She explained, “Trust is the real currency that we own, the trust of our customers, the trust of our regulators and the trust of our public. And as a bank, that’s probably one of the most important things we can’t let go of.”
Facebook, meanwhile, is already facing Congressional and regulatory scrutiny as a result of its Libra announcement.
Alberg described Libra as a “very bold move” but said it’s an example of a “two-way door,” to use one of Amazon’s favorite metaphors — a move that can be reversed or abandoned later, perhaps with some embarrassment but without being fatal to the larger company.
“Maybe they were the wrong one to do it,” Alberg said of Facebook. “Maybe Amazon should have done it, frankly. Amazon’s done a bunch of things on payments, but it’s not succeeded in a big, bold move. And maybe they don’t need to. But when you think about fraud and innovation, it was smart for somebody to do that. And [Facebook] may fall on their face. This may be a disaster for them. Facebook’s faced a lot of challenges, but it’s not going to kill them. If it fails, it fails.”
Security plays an increasingly critical role in creating trust, and not just as a precautionary measure, said Jennifer Steffens, the CEO of IOActive, an independent cybersecurity firm based in Seattle.
“Security gets a bad rap for standing in the way of innovation,” Steffens said. “We are strong advocates for security enabling innovation. If you think about security early and often when you’re looking at designing something new, you can roll out a really cool new technology very quickly and more securely, which is ultimately a competitive advantage and goes to trust, too.”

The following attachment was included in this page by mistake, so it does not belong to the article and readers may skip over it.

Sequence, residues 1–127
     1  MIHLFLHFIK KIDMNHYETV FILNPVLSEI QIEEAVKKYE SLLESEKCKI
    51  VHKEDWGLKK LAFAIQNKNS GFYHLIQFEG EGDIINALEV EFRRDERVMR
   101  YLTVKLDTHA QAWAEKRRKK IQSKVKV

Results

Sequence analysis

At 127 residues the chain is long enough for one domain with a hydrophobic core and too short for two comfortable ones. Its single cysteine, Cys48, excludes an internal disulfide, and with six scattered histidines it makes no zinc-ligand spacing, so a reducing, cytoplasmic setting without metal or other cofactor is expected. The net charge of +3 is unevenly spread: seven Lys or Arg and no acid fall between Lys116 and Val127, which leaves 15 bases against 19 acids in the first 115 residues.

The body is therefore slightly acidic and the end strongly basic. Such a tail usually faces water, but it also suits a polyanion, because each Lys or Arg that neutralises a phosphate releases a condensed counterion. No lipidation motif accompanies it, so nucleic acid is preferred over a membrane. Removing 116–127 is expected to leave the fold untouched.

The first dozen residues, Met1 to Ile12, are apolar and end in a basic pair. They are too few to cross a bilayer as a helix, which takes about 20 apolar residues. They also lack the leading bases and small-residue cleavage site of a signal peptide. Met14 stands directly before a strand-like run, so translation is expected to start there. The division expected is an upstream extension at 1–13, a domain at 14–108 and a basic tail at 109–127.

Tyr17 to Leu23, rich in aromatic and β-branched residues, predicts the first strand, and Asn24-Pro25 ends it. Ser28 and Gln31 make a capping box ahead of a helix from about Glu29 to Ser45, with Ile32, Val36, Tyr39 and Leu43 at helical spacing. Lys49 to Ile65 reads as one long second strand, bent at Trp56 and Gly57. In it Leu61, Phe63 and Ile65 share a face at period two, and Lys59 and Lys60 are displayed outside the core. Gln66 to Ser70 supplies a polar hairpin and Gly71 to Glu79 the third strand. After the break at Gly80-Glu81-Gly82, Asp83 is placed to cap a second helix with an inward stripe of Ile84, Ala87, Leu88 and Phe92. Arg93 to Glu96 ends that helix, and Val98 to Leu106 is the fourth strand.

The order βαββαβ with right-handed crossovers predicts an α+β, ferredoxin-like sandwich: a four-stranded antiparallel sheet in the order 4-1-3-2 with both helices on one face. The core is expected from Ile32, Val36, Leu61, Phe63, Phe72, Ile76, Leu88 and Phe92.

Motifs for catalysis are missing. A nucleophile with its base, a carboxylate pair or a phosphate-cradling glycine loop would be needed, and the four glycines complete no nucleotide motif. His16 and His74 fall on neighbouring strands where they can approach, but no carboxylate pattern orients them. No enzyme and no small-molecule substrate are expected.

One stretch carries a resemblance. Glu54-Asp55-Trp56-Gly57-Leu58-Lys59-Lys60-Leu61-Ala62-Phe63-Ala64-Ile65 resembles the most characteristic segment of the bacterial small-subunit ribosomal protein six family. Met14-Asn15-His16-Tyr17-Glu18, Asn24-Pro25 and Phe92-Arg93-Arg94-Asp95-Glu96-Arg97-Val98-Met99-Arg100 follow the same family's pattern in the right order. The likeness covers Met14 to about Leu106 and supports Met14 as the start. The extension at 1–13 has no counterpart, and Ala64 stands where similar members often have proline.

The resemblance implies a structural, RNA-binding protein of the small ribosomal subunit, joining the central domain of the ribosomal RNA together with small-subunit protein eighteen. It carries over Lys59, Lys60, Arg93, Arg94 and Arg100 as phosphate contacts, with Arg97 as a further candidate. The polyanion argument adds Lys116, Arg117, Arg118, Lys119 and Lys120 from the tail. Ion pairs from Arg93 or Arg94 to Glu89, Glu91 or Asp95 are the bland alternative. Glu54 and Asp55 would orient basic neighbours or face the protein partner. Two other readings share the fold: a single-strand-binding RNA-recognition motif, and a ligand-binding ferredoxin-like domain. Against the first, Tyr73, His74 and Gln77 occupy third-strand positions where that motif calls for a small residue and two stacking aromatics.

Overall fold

The other big question to figure out, JPMorgan’s Campbell said, is whether customers are ready for whatever innovation the bank might develop.
She cited Zelle, a partnership of Chase and other major banks for digital banking mobile banking and payments, saying it has seen “slow acceptance.” Campbell said many customers are still devoted to physical branches and credit cards. Zelle’s payments app has also faced its own security issues.
Seattle is one of many JPMorgan locations around the world where employees are taking part in Innovation Week events. About 11,000 people from across the company will participate in the hackathon later this week, and more than 600 ideas have been submitted for potential hackathon projects.
The goal is for employees to return to their jobs with new motivation and a fresh perspective, “really just kickstarting innovation for the rest of the year,” said Christie Chaffee, a JPMorgan vice president who works on the Cybertechnology & Technology Controls organization at the company, who is also the Seattle site lead for JPMorgan’s Women on the Move initiative.
And for the employees who attended the internal panel, one tangible takeaway was a strong hackathon idea. IOActive CEO Steffens told the group that she would love to be able to use a bare-bones version of the bank’s app, with basic banking functions, suitable for use on low-bandwidth cellular data networks when traveling internationally.
A murmur of approval rose up from the crowd, hinting that the idea might just stand a chance of becoming a project during the hackathon later this week.